All that would be fine. Why not let a thousand flowers bloom? Each of us can be nourishment for the mind of a child, in the words of a Croatian amateur poet in celebration of literature. Murderers and criminals are, however, remarkably ambitious, their appetite is growing, it is not enough for them that they have published their own books, have had their own solo and group shows, garnered media attention; they want acclaim, they want the society which they have bestrewn with their artworks to bow down before them. Front and center at every theater’s opening night, at every new show, they pontificate on the aesthetic values of each movie, book, performance. But even that is not enough, they aspire to wield total control over any realm of art inhabited by their hobby. They are more than happy to join committees, editorial boards, councils, they become members of juries, elbow their way onto school curricula, into primers, textbooks, anthologies. Their hunger is insatiable.
And this, after Ugrasic receives an email from a friend explaining at length who were the drowned and who the saved in the current cultural industry in Croatia, lamenting that she is the only person in the world who can’t get her book published because – well, she really is a writer:
The email from my friend sparked my imagination. Chilled by the nightmare vision of millions of people worldwide from an array of occupations clutching their books, and millions more adamant that it was only a matter of time before they, too, had their book in hand, and inspired by the movie Fifty Shades of Gray, which I watched along with millions of other earthlings, I went off to a store that sold practical merchandise. There I purchased the strongest rope I could find, sturdy iron stakes (as if off to scale a mountain), a drill. The salespeople jollied me into buying it all and as a bonus they threw in adhesive strips. The usually snarky salespeople proved unexpectedly solicitous in my case.
I’d decided to end it all. As far as suicidal practices and strategies go I may be an amateur, but I am well-read. Recent statistics suggest that women who commit suicide no longer rely on pills nor do they lean toward the good-old technique of slitting wrists; instead they tend to embrace the Bye-bye World! trajectory of the “male” technique of – hanging. This, then, was why a key item on my shopping list was the rope. Only a few months later we learned that hanging is not a man’s preference; General Slobodan Praljak, having heard his sentence read out in The Hague, downed a little flask of poison before the “cameras of the world.” One might say that his theatrical instinct had the upper hand; he did die. On television screens lingers his grimly frozen head, his gaping mouth, looking more like an immense fish than a human being.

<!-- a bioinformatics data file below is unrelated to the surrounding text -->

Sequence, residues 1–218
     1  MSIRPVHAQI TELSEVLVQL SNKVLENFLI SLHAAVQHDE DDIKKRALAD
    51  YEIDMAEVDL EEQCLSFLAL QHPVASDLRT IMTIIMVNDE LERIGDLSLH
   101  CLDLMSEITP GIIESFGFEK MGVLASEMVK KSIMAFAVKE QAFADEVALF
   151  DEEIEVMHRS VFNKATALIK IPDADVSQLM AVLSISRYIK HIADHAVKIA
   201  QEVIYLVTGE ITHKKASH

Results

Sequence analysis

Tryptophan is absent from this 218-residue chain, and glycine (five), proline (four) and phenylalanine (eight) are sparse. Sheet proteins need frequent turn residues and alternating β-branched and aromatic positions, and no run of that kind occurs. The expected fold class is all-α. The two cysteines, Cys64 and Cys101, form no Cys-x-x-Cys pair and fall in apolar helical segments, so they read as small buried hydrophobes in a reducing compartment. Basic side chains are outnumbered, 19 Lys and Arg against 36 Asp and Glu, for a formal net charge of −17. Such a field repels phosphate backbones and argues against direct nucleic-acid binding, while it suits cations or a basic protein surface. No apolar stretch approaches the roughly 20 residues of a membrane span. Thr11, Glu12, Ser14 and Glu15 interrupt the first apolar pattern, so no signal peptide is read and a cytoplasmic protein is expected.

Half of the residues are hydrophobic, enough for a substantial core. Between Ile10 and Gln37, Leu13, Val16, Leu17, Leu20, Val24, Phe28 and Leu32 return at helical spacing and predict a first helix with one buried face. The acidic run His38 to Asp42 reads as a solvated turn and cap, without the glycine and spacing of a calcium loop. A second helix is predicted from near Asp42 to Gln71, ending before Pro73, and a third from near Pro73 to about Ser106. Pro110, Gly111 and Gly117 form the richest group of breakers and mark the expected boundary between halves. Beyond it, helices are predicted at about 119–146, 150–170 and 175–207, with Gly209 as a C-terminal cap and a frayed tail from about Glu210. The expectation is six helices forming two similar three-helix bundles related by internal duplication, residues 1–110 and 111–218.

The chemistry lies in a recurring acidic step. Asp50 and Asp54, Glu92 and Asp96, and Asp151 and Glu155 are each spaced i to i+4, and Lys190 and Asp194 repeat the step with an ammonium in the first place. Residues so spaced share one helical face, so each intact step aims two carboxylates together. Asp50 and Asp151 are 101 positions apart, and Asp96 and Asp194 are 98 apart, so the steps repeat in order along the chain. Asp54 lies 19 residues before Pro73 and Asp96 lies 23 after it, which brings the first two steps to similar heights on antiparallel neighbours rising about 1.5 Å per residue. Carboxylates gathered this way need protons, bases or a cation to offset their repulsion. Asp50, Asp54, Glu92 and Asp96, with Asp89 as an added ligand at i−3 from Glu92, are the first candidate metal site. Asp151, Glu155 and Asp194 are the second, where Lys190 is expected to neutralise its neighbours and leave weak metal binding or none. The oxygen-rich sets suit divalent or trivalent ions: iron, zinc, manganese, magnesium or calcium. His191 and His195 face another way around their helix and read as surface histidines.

This is my kind of stuff, served piping hot. My pantheon leans towards the critics of the grotesque who through a sheer hatred of vice (and a entropic decline in the love of virtue) became grotesques themselves: Swift, Leon Bloy, Karl Krauss, Pasolini.
3. The Dublin Review of Books – oh how many reviews of books there are, Nina, said one Evelyn Waugh character to another – has a number of good reviews up this week. Among them a review, by Alice Lyons, of Drive your Plow over the Bones of the Dead by Olga Tokarczuk, Tokarczuk is a Polish novelist and poet, and she seems to be among the righteous. Here’s a graf from the review of the novel, which is centered on a retired engineer named Janina Duszejko:
While she tires of life in the patriarchy, Duszejko isn’t cowed. More than anything, she feels sorry for the other gender, which suffers from what she calls “testosterone autism” that causes “an interest in various Tools and machinery, and he’s drawn to the Second World War and the biographies of famous people, mainly politicians and villains. His capacity to read novels almost entirely vanishes; testosterone autism disturbs a character’s psychological understanding.” Still, being dismissed as a “crazy old bat” by the local police commandant is infuriating and she doesn’t take it lying down. As she says, “the truth is that anyone who feels Anger, and does not take action, merely spreads the infection. So says our Blake.”
This is lovely stuff, quite in the manner of Ugrasic. People who can see that the blind are following the blind into a ditch, and that ditch is called: the end of civilization as we once imagined it.